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Safety, reactogenicity, and immunogenicity of homologous and heterologous prime-boost immunisation with ChAdOx1-nCoV19 and BNT162b2: a prospective cohort study

By David Hillus, Tatjana Schwarz, Pinkus Tober-Lau, Hana Hastor, Charlotte Thibeault, Stefanie Kasper, Elisa T. Helbig, Lena J. Lippert, Patricia Tscheak, Marie Luisa Schmidt, Johanna Riege, Andr Solarek, Christof von Kalle, Chantip Dang-Heine, Piotr Kopankiewicz, Norbert Suttorp, Christian Drosten, Harald Bias, Joachim Seybold, COVIM/EICOV Study Group, Florian Kurth, Victor M Corman, Leif Erik Sander

Posted 22 May 2021
medRxiv DOI: 10.1101/2021.05.19.21257334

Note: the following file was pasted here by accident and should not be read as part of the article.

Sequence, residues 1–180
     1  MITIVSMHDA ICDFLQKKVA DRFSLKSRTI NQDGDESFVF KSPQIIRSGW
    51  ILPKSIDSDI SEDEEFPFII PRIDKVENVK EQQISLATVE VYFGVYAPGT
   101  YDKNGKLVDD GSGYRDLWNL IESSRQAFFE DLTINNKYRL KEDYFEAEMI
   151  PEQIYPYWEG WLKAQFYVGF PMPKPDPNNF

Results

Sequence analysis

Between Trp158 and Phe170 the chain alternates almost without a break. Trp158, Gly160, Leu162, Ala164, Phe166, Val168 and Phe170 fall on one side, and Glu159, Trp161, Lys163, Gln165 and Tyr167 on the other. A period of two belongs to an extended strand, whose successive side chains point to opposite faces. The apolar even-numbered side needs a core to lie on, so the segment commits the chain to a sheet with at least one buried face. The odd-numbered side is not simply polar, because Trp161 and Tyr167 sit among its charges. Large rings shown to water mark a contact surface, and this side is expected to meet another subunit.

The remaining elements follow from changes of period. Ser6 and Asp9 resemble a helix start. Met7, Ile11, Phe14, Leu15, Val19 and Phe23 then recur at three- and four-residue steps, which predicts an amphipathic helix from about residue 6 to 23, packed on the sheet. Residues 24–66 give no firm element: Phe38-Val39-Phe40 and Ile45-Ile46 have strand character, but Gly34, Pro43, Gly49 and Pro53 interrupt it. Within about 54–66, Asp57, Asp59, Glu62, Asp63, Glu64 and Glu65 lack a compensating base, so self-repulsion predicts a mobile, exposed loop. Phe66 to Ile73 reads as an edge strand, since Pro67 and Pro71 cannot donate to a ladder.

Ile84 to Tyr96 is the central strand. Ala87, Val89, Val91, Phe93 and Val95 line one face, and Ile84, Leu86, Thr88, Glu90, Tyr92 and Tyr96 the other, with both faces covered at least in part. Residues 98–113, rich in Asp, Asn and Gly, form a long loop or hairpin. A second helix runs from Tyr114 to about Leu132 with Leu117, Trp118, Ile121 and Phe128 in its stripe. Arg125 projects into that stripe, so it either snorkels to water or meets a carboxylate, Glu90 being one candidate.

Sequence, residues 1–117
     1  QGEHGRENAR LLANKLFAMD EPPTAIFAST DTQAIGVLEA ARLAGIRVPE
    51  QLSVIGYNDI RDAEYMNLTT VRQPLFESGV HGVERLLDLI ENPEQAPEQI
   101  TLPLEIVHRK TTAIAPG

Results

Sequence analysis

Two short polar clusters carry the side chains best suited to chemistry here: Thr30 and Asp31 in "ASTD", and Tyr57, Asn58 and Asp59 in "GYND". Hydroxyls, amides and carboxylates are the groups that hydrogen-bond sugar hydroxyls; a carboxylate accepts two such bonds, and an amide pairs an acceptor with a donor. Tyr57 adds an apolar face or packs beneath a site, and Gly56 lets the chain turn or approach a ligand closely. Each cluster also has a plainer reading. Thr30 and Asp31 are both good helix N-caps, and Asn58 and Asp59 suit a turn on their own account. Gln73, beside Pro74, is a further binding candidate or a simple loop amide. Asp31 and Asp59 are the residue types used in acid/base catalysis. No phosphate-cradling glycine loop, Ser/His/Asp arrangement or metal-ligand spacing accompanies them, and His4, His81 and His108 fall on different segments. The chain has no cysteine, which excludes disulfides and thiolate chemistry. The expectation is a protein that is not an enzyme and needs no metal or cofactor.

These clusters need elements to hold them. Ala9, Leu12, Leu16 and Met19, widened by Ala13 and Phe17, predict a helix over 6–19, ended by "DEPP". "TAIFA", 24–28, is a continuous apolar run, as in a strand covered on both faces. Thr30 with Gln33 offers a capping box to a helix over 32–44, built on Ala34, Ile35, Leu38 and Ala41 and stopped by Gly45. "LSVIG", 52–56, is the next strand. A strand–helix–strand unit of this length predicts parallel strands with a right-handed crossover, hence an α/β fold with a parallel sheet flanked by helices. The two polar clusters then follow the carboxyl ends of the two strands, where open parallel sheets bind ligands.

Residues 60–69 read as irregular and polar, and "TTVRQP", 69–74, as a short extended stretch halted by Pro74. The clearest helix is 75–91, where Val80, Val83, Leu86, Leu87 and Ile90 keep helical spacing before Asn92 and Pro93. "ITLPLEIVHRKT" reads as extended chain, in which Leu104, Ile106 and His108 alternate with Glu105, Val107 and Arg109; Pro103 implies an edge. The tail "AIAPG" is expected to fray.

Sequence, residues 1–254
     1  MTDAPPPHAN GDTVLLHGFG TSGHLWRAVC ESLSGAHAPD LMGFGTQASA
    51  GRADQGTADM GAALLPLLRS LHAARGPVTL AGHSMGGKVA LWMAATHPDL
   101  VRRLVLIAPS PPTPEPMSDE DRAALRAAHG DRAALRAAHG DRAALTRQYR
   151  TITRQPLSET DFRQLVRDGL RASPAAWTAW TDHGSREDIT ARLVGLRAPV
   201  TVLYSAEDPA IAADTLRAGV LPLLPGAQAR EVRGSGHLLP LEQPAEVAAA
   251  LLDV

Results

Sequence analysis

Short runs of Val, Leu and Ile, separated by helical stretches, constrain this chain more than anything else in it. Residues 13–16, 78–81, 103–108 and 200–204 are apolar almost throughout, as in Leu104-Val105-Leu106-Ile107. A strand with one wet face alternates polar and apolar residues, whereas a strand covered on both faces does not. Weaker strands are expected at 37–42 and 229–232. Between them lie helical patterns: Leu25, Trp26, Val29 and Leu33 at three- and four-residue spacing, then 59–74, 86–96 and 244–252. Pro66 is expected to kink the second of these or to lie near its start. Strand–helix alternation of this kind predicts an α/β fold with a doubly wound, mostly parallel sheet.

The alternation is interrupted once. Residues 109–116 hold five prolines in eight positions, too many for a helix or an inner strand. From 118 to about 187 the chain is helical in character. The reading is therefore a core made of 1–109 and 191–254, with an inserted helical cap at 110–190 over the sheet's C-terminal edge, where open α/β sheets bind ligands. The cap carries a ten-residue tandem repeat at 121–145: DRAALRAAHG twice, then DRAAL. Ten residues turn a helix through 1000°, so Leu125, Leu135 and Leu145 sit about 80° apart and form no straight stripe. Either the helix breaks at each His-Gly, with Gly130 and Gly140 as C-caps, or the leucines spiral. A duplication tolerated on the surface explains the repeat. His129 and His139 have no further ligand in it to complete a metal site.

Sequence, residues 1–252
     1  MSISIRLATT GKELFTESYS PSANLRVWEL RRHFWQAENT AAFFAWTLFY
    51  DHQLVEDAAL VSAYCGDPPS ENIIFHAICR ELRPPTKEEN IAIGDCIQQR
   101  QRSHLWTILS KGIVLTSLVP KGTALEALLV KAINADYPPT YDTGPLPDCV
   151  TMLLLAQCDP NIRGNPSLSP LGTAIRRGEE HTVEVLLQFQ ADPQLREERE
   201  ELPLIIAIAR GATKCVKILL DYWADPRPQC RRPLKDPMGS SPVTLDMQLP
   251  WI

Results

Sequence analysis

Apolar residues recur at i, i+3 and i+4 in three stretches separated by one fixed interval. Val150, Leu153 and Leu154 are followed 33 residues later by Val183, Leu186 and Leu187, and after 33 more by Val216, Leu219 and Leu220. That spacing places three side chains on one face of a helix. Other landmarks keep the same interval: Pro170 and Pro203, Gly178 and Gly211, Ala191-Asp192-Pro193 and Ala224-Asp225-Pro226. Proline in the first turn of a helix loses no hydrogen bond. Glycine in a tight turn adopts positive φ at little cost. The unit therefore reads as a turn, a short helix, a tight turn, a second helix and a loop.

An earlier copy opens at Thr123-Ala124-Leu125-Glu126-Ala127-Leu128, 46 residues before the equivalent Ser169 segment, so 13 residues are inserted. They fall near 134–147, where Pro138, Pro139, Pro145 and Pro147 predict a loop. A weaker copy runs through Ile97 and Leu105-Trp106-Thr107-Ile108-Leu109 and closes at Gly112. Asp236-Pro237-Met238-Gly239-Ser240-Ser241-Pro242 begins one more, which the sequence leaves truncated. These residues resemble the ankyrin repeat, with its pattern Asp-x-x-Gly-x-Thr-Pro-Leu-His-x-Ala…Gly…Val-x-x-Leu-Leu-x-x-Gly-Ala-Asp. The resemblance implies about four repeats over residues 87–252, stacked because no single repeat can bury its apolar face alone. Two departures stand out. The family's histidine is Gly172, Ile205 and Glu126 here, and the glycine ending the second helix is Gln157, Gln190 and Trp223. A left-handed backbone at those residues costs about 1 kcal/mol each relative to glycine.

Objective: to assess reactogenicity and immunogenicity of heterologous prime-boost immunisations of ChAdOx1-nCoV19 (Vaxzevria, ChAdOx) followed by BNT162b2 (Comirnaty, BNT) compared to homologous BNT/BNT immunisation. Design: prospective, observational cohort study. Setting: unicenter study in a cohort of health care workers at a tertiary care center in Berlin, Germany. Participants: 340 health care workers immunised between 27 December 2020 and 21 May 2021 at Charite - Universitaetsmedizin Berlin, Germany Main outcome measures: the main outcomes were reactogenicity assessed on days one, three, five and seven post prime and boost vaccination, and immunogenicity measured by serum SARS-CoV-2 full spike-, spike S1-, and spike RBD-IgG, virus neutralisation capacity, anti-S1-IgG avidity, and T cell reactivity measured by Interferon gamma release assay at 3-4 weeks post prime and boost immunisation. Results: Heterologous ChAdOx/BNT booster vaccination was overall well-tolerated and reactogenicity was largely comparable to homologous BNT/BNT vaccination. Systemic reactions were most frequent after prime immunisation with ChAdOx (86%, 95CI: 79-91), and less frequent after homologous BNT/BNT (65%, 95CI: 56-72), or heterologous ChAdOx/BNT booster vaccination (48%, 95CI: 36-59). Serum antibody responses and T cell reactivity were strongly increased after both homologous and heterologous boost, and immunogenicity was overall robust, and comparable between both regimens in this cohort, with slightly increased S1-IgG avidity and T cell responses following heterologous booster immunisation. Conclusions: Evidence of rare thrombotic events associated with ChAdOx has led to recommendation of a heterologous booster with mRNA vaccines for certain age groups in several European countries, despite a lack of robust safety and immunogenicity data for this vaccine regimen. This interim analysis provides evidence that the currently recommended heterologous ChAdOx/BNT immunisation regimen with 10-12 week vaccine intervals is well tolerated and slightly more immunogenic compared to homologous BNT/BNT vaccination with three week vaccine intervals. Heterologous prime-boost immunisation for COVID-19 may be generally applicable to optimise logistics and improve immunogenicity and to mitigate potential intermittent supply shortages for individual vaccines.

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